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I'm a programmer and self-taught digital designer, and I thought I could deal with an op-amp even though I haven't for over 20 years.

Quick version: I'm taking an analog 0-3.3 V signal and turning it into a 0-5 V signal using a single-supply op-amp in non-inverting mode with a voltage follower after that, powered at 10 V.

All worked fine, and then suddenly the voltage follower output died.

More detail: I have an analog signal (not PWM, true ADC) coming out of an ARM processor at max. 3.3 V. I'm using a 14-pin, four op-amp chip, in this case a TLC2274 which I bought to replace the 30 year old MC3403 I had laying around, which would not go down to the negative supply as my memory and the spec said it would.

I'm going into one of the op-amps on the chip and using a 4.7 kΩ resistor from the output to the negative input and 5.6 kΩ and a 5 kΩ trimpot to GND to convert to 5 V.

I then go into two other op-amps on the chip as voltage followers, one to each of two outputs. One is just going to an analog meter for "visualization", the other is right now doing the same but is intended to go over a long line to a motor controller.

Still in testing, I have the "main" output going to an analog mA meter with an appropriate resistor, and a scope.

All was fine and then suddenly the "main" op-amp output died. The input looks good, the output is 0 V, as is of course the negative input. No noticeable overheating, or "Magic Smoke".

I don't know the impedance of the motor controller, and the 100 ft cable will add its own problems, but I'm sitting testing on a bench and it failed, how can I prevent that?

Does one normally use a resistor, resistor plus Zener, or something else to protect an op-amp output? I'm not seeing that in "Art of Electronics" or any of my (old) op-amp circuit books. If it dies on the bench, what do I do in the real world? The spec says the chip is short circuit protected, could this have been static?

So, questions:

Is there a way to improve this circuit?

I am assuming the problem is from static, but not sure if it could be something else, so what could be the reason for the failure since I have no voltages available beyond the supply and GND, to which the part is protected from shorts.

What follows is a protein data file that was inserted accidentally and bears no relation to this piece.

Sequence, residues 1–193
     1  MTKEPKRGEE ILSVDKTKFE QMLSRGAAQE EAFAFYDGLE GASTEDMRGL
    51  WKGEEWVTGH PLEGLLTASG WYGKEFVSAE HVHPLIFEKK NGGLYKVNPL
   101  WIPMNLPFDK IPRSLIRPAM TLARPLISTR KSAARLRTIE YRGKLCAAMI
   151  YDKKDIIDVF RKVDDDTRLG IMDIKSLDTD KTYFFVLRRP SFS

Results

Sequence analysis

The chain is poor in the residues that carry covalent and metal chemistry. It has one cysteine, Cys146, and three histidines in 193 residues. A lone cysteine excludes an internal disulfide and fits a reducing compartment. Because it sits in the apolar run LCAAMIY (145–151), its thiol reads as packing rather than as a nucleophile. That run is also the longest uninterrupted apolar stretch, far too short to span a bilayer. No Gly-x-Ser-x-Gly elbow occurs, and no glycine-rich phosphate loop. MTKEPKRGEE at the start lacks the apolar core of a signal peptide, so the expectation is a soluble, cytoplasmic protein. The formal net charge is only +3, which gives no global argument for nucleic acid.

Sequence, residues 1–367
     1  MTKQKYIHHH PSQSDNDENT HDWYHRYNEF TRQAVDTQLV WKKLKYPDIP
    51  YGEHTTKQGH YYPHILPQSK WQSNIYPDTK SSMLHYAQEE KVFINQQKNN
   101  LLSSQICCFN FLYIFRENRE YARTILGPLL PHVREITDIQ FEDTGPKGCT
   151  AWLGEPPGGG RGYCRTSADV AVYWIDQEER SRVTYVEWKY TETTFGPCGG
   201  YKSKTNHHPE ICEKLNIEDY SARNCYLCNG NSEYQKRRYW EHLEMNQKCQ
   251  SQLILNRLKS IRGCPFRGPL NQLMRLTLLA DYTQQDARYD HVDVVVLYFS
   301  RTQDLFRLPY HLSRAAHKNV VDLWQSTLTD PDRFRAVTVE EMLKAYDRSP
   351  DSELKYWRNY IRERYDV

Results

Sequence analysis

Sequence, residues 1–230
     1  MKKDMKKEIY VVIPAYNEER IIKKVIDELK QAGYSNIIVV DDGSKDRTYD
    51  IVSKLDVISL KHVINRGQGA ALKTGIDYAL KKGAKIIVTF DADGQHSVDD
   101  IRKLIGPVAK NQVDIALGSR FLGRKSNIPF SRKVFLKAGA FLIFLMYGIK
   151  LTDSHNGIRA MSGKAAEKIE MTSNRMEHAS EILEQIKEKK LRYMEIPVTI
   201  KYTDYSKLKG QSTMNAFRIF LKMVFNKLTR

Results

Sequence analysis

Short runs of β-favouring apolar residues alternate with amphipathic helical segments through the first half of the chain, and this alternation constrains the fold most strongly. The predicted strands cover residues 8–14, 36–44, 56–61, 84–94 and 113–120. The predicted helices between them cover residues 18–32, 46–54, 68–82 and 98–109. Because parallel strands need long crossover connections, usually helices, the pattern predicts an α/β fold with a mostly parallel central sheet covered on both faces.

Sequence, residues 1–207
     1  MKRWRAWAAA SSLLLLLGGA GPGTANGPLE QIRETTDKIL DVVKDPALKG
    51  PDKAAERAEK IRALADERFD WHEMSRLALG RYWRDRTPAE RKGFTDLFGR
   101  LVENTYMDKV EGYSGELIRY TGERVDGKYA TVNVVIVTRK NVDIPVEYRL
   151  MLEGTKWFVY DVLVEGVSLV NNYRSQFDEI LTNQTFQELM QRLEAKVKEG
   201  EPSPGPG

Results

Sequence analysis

Is there a way to protect the op-amp I'm using? One comment already suggested a 100 Ω resistor, but that's to compensate for the cable that has not yet been connected.

  • 6
    \$\begingroup\$ A schematic will keep many more of us interested in the question. There's a CircuitLab button on the editor toolbar and when you use "Save and Insert" an editable schematic is saved in your post. You don't need a CircuitLab account, no screengrabs, no upload. Double-click a component to set its properties. R, H and V to Rotate and flip Horizontal and Vertical. Welcome to EE.SE. \$\endgroup\$
    – Transistor
    Jun 26, 2020 at 17:43

2 Answers 2


Op-amps and power supplies need bypass capacitors for stability and surge protection. Generally about 100nF on the power supply rails, and larger capacitors on the voltage regulators.

Voltage sources should be connected to op-amp inputs with resistors, at least 1k, and matching the impedance of the other input.

You show a 3.3V 10 Hz sine wave input on the non-inverting input of OA1 and OA3. This may be just a schematic error, where there should be a 3.3V DC signal.


You replaced a quad 741 type with a quad CMOS type which has rail-to-rail outputs.

CMOS is rugged in good design but can fail on the bench from a slip of usage.

  • This could be from driving a breadboard with a low impedance signal and controlling Vdd separately from the signal or from ESD exceeding the protection level.

  • The SCR latchup failure-effects may occur when either input exceeds the supply rail and delivers more than 5mA or the output is back-driven more than the current limit.

  • However, the output is current-limited and tolerates shorts to either rail.

  • a 100 ft cable with approx 20 pf/ft will represent 2nF load which is generally unstable on CMOS outputs unless you add a 50 to 100 Ohm series resistor.

Stresses beyond those listed under “absolute maximum ratings” may cause permanent damage to the device.


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